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The complexity of purity - Richard Gilbert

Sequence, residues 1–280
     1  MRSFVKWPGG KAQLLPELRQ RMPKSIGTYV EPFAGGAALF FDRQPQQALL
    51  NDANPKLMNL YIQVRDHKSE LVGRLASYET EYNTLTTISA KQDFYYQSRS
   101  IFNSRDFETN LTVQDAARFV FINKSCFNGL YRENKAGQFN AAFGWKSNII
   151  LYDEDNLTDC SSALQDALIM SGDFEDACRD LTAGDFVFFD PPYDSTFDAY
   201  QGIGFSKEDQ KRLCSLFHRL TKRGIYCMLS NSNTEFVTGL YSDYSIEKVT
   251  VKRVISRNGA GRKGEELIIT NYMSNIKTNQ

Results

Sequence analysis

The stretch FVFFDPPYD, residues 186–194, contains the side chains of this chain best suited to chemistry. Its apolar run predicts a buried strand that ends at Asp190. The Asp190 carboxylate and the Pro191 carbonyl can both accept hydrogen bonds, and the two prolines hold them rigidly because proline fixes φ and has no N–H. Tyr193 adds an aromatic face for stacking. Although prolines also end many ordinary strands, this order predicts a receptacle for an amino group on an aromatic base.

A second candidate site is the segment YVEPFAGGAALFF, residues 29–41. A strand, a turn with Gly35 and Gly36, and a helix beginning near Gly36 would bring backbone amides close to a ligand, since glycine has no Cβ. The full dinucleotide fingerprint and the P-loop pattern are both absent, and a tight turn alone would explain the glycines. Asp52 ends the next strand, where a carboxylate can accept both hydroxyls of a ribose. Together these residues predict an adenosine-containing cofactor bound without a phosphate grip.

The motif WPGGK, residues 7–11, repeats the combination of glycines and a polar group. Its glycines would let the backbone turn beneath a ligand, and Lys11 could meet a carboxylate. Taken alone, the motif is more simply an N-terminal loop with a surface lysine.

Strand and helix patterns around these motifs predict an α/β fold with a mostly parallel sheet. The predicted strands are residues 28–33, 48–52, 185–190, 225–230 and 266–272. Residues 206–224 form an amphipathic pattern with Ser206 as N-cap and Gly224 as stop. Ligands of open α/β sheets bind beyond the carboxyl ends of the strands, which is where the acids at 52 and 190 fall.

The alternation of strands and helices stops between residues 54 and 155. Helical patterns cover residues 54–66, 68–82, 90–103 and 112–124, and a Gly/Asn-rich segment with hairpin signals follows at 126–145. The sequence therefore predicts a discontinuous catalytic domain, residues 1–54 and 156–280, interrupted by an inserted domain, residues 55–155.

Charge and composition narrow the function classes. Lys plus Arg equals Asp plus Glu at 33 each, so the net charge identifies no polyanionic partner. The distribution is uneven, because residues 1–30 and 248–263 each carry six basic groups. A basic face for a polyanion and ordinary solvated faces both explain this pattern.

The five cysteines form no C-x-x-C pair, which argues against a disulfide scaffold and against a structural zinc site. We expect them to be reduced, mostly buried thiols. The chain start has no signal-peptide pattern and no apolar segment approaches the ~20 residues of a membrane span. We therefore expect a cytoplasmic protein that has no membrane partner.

The question is not whether to read Jonathan Franzen’s novel Purity if you haven’t by now. Rather, the question is when. This latest novel from one of America’s finest writers appeared September 1, 2015. Now we’re at the midpoint between last fall’s published hardback and this fall’s anticipated paper, which won’t come out until September 6. And that creates a small dilemma—which version to select? Grab what’s available now and delve right in? Or hold back another six months and snag the US trade paperback edition with a yet-to-be-revealed mystery cover? Franzen's an artist who mixes an era’s most salient ideas on his palette to paint the spirit of the times in the novels on his easel. In contrast to his earlier novel, Freedom, he’s opened himself up in far more personal and vulnerable ways, which is rare for a writer. With certain characters, Franzen creates a fictional pastiche of actual people. The tension buildup in several sections made my heart race. His timing is impeccable. I noticed I was holding my breath as I read lines such as “Everyone thinks they have strict limits…until they cross them.” Franzen subtly primes his canvas with a layer of deep questions as if he were applying gesso, building it up in a leisurely manner with wit and wisdom combined. Readers hardly realize the plotline they’re following is tossing out reflections: Is madness inherited? Can we be sure there’s not a god? They anchor the surrounding action.